SnapLogic this week unveiled a summer 2014 edition of the SnapLogic Elastic Integration Platfom that adds monitoring and analytics tools that allow organizations to track not only how much capacity is being consumed by the service, but also the data flows, tasks, data volumes and API calls.
In addition, the new release adds support for iOS applications and the Security Assertion Markup Language (SAML) 2.0 single sign-on standard.
Finally, the summer 2014 edition also brings with it a new online community for Java developers and updates to prebuilt connectors, dubbed Snaps, for Salesforce, SAP, Workday, NetSuite, Oracle RDBMS, Amazon Redshift, Tableau, Twitter, SOAP, REST, XML, CSV and HDFS. New Snaps are now also available for Google Directory, LinkedIn Concur, Expensify, Xactly and Swagger.
Darren Cunningham, executive vice president of marketing for SnapLogic, says the thing that distinguishes SnapLogic most as a cloud integration platform is that it is designed to handle the integration of both applications and data within a single unified process. In contrast, most other integration platforms will link applications together, but will require developers to invoke separate toolsets to actually move data between applications.
As an integrated platform-as-a-service (iPaas) environment in the cloud, the SnapLogic Elastic Integration Platform provides a more agile approach to integration, including the ability to enable self-service capabilities to so-called "citizen integrators," Cunningham says. To appeal to that specific class of integrators, the latest release of the SnapLogic cloud integration platform also includes visual data mapping and pattern-recognition tools alongside a new expressions editor built around functions and properties.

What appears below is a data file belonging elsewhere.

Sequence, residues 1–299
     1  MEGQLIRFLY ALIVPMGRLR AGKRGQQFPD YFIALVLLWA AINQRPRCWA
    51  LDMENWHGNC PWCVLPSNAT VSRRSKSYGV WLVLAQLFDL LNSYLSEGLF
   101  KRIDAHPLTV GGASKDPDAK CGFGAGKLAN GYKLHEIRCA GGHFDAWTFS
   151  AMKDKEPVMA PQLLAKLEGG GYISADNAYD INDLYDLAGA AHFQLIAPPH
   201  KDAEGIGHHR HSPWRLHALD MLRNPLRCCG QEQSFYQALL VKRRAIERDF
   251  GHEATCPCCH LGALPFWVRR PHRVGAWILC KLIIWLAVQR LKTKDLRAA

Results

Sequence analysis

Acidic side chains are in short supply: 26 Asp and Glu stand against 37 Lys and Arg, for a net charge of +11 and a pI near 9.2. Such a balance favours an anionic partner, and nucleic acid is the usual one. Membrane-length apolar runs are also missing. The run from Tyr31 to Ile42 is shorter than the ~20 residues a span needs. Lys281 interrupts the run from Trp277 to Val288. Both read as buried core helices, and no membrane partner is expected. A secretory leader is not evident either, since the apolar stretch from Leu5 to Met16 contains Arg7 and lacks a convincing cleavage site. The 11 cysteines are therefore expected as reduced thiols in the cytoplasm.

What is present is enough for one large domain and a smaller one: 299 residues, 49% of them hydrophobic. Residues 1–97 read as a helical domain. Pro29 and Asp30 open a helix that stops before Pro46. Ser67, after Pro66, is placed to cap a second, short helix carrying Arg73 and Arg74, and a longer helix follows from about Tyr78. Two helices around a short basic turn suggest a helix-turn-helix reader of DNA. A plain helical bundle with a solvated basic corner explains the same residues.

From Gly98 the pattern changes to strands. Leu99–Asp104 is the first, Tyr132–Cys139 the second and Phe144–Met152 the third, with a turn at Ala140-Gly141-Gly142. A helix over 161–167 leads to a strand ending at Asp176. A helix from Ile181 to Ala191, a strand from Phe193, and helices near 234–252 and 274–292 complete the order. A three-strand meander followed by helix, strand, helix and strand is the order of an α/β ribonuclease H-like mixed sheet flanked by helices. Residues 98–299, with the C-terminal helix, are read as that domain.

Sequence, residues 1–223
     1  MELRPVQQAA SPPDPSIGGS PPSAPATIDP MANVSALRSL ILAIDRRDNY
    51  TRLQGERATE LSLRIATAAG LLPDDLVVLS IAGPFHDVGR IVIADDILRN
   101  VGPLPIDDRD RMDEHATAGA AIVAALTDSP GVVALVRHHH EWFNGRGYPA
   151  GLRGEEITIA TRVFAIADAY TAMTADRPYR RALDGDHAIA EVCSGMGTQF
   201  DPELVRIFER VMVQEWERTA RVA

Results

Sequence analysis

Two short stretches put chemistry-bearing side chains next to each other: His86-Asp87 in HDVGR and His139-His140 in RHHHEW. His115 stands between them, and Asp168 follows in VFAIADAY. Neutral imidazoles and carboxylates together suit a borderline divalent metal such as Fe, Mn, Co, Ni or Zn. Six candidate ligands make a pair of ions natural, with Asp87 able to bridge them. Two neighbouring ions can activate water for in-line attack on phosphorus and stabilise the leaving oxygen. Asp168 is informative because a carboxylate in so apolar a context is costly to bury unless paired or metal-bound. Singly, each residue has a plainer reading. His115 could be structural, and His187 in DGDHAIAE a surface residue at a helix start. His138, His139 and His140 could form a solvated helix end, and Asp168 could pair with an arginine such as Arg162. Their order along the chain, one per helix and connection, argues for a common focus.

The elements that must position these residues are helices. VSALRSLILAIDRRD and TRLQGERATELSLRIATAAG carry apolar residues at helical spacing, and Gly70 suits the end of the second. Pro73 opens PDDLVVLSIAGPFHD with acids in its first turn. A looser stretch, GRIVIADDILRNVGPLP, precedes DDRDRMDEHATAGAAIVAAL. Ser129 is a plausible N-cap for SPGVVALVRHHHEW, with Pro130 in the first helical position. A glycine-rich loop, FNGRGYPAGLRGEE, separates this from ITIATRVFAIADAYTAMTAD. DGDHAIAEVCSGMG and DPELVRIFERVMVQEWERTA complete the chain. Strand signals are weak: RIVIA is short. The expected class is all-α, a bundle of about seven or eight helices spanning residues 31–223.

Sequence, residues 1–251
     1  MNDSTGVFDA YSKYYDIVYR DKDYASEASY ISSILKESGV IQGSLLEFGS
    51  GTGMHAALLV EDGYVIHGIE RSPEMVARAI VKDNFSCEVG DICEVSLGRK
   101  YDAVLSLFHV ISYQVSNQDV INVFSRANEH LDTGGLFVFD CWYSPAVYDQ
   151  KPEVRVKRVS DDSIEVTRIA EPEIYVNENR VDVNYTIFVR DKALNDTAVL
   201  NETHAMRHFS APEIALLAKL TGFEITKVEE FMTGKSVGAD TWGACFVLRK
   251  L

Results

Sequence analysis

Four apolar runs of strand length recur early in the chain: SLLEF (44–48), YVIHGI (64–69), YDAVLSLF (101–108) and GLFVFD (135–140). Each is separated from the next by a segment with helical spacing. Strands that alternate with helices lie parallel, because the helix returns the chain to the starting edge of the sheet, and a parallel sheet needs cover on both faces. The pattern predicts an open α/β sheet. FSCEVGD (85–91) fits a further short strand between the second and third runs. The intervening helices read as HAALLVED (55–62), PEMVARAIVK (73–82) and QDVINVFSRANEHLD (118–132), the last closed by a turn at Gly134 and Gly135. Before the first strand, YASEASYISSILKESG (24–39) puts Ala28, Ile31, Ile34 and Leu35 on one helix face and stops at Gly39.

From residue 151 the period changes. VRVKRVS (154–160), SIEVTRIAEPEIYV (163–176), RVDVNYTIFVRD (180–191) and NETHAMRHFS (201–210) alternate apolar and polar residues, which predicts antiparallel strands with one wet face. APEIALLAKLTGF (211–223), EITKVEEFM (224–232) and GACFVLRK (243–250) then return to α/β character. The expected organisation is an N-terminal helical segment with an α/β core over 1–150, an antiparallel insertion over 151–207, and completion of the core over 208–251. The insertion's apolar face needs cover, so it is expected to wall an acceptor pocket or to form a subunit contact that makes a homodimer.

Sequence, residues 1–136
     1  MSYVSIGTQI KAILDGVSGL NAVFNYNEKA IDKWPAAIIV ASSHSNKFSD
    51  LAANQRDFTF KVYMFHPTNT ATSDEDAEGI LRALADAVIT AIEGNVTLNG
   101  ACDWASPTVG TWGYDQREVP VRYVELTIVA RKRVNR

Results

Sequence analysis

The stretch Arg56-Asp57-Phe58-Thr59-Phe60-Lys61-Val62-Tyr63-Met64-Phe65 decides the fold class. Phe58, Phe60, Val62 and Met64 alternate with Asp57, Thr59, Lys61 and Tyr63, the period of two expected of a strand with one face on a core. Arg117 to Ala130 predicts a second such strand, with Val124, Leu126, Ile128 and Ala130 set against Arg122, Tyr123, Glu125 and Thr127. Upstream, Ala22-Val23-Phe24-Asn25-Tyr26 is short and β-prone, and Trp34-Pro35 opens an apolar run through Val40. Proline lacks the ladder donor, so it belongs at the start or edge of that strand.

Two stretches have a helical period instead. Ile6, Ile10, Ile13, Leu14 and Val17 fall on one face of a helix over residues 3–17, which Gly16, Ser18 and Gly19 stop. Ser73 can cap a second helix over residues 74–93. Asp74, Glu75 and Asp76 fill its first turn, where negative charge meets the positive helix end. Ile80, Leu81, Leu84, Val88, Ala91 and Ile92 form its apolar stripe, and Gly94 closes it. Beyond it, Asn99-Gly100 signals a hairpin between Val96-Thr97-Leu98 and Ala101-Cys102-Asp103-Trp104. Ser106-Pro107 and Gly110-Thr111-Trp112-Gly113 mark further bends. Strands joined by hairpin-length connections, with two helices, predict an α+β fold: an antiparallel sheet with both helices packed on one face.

At the moment, most of the data that needs to be integrated in the enterprise still resides on-premises. But as cloud application usage continues to grow, Cunningham says it’s clear that the center of gravity for integration of all types is moving to the cloud. Rather than simply moving the cumbersome integration processes used on-premises today, he says the cloud represents an opportunity to rethink integration from end to end.
Obviously, SnapLogic is not the only vendor pursing an integration opportunity that is rapidly shifting to the cloud. The degree to which any one vendor will be able to dominate that space remains to be seen. In all probability, there will be multiple centers of integration gravity strewn all across the cloud. The challenge facing developers and integrators will ultimately be how to stitch all those cloud integration frameworks together in ways that make it possible to scale new classes of distributed applications never previously thought possible.